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or not punished. The quite frequent absence of punitive consequences “
or, more precisely, the fact that the absence of such consequences is due to
legally permissible exercises of of¬cial discretion “ is regarded by skeptics
as suf¬cient to vindicate their view that jural of¬cials are authorized to
pretermit any of the legal consequences ordained by criminal-law man-
dates. Answers to questions about the legal consequences of people™s
conduct are therefore said to be devoid of determinate correctness. Once
we move from the contents of legal norms in the abstract to the contents
of legal norms as they are given effect in processes of implementation, we
¬nd that legal consequences are up in the air. Or so the skeptics maintain.
Before considering why this skeptical argument is unsound, we should
note that it does not perforce run together indeterminacy and unpre-
dictability (two properties whose distinctness has already been discussed
in this chapter). Skeptics are not asserting that the presence and exercise
of of¬cial discretion in the implementation of legal norms will inevitably
have made that implementation erratic. They can allow that legal of¬cials
might exercise their discretion in predictably regularized ways in most
contexts. Such predictability is hardly guaranteed, but it is perfectly pos-
sible. Nonetheless “ the skeptic would go on to argue “ the foreseeability
of the of¬cials™ handling of various matters will be due to extralegal fac-
tors such as shared psychological inclinations, rather than to the terms of
legal requirements and entitlements. Those terms do not correspond to
Dimensions of Objectivity 27


the ways in which the requirements and entitlements are actually brought
to bear on people™s conduct, even if the departures from those terms are
regularized and predictable. Most important, the aforementioned depar-
tures are all legally permissible exercises of discretion, and any decisions
by of¬cials against engaging in such departures (and thus in favor of effec-
tuating the terms of the relevant laws) would likewise have been legally
permissible. The law as it actually gets applied to people™s conduct is
therefore indeterminate, for any application could have gone either way.
Since a decision either way would have been correct, neither a decision in
favor of enforcement nor a decision against enforcement is determinately
correct. Such is the conclusion of the skeptical argument.
Though that skeptical argument does not con¬‚ate indeterminacy and
unpredictability, it rests on a simplistic understanding of legal mandates
and legal systems. Speci¬cally, it rests on a simplistic understanding of
the legal consequences that attach to people™s conduct under the man-
dates and other norms of a legal system. We are concentrating here on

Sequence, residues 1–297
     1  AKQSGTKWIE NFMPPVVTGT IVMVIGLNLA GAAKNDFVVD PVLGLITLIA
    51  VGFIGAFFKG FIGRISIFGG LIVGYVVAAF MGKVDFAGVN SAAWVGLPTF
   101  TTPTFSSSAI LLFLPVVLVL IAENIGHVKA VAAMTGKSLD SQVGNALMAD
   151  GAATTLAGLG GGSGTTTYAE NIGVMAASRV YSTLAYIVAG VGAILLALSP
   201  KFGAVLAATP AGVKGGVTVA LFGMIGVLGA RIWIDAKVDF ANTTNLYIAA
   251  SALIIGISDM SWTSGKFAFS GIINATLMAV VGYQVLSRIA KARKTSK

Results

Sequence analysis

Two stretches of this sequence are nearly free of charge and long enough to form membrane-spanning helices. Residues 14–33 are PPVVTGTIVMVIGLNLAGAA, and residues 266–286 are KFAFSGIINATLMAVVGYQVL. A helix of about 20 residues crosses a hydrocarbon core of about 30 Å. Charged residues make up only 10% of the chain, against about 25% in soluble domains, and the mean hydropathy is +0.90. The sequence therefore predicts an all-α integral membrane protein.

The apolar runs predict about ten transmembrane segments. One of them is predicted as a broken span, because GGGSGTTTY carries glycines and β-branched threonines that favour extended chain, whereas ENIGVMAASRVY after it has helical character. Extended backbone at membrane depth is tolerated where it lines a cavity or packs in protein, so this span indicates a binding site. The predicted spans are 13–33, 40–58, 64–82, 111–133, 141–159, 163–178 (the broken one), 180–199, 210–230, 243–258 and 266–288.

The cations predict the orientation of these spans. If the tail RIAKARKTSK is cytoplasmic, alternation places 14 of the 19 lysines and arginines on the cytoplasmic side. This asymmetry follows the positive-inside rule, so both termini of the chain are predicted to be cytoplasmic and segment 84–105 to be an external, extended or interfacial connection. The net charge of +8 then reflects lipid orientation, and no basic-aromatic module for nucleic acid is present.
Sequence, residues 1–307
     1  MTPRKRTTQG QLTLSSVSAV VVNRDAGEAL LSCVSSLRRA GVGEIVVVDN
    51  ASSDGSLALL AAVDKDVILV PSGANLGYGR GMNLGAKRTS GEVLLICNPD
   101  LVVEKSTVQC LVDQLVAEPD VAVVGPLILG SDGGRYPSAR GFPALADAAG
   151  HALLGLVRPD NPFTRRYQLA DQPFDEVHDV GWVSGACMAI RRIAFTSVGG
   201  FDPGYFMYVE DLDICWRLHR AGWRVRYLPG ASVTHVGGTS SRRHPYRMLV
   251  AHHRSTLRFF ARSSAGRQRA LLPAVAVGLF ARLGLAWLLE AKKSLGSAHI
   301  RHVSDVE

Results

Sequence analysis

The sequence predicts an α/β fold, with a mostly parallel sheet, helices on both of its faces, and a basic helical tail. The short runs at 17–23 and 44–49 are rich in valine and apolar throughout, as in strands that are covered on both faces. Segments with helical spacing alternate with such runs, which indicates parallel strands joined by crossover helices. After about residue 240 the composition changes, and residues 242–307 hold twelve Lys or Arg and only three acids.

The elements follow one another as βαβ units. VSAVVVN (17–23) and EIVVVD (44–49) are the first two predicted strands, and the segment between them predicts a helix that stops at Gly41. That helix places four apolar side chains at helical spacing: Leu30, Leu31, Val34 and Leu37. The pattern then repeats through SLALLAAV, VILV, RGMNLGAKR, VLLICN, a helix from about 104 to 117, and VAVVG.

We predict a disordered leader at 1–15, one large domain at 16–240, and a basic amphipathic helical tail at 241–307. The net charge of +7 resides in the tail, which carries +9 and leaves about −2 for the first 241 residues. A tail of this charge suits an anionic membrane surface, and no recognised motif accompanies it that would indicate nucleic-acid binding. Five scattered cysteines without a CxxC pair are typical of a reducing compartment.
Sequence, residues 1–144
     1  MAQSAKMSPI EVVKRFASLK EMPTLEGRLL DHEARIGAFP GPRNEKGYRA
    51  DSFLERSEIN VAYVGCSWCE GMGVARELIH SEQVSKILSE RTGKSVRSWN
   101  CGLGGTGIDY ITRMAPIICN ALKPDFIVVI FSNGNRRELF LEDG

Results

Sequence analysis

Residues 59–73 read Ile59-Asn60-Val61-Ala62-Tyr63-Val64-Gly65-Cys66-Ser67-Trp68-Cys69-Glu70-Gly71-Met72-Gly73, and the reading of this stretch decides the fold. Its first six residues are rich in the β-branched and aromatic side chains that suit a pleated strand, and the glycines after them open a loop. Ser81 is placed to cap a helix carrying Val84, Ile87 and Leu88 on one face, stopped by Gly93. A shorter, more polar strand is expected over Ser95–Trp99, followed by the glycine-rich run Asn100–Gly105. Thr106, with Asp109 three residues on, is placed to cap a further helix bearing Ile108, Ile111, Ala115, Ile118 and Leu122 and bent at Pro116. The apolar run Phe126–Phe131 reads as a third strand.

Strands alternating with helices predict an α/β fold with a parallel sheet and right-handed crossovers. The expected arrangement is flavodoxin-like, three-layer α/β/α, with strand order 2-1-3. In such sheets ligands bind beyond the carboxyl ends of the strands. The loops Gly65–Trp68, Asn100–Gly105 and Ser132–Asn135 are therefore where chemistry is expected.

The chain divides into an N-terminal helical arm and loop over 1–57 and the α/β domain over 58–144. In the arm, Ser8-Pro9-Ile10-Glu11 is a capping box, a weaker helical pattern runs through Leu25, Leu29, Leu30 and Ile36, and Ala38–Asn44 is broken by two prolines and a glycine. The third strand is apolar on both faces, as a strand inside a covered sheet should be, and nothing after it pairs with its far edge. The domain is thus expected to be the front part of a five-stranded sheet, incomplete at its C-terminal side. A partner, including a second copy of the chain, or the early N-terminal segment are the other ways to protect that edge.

criminal-law prohibitions. Skeptics advert to the fact that some people
who detectedly transgress those prohibitions are unpunished as a result
of legally permissible exercises of discretion by of¬cials such as policemen
and prosecutors. Skeptics think that the withholding of punishment is
at odds with what is ordained by the terms of the prohibitions. In fact,
however, what is ordained under those terms is more subtle than the
skeptics realize.
Integral to the terms of any criminal-law mandate is not that every
violator will have undergone some punishment, but that every violator
will have incurred a legal liability to be subjected to punishment. The
term “liability” is used here in the sense assigned to that term by the
American jurist Wesley Hohfeld. That is, it designates a susceptibility to a
change in one™s legal position (Kramer 1998, 20“21). Such a change can be
brought about through the exercise of some legal power(s) by oneself or
by somebody else. In the case at hand, the relevant powers will be held by
the legal of¬cials responsible for pursuing sanctions against malefactors.
(Those powers will typically be exercisable through a complex sequence
of steps such as an arrest, a set of pretrial proceedings, a trial, and a
process of sentencing.) If the appropriate of¬cials exercise their powers to
undertake punitive measures against some person P who has criminally
¬‚outed a legal requirement, then P will have incurred a legal duty to
28 Objectivity and the Rule of Law


submit to those measures. His legal situation will have changed “ through
the imposition of a new legal duty “ in precisely the respect to which he
makes himself liable when he breaches a legal mandate. However, the
essential effect of his breach of the mandate is not the occurrence of that
subsequent change (which depends on exercises of powers of enforcement
by appropriate of¬cials), but his incurring of a liability to undergo such
a change. That liability will have been incurred even if the subsequent
imposition of a duty never in fact takes place. If a police of¬cer or some
other relevant legal of¬cial exercises her discretion and declines to initiate
punitive proceedings, then P will not acquire a duty to submit to any
sanctions that might have ensued from such proceedings. All the same, P
through his violation of the law will have placed himself under a liability
to acquire just such a duty. His placing of himself under that liability is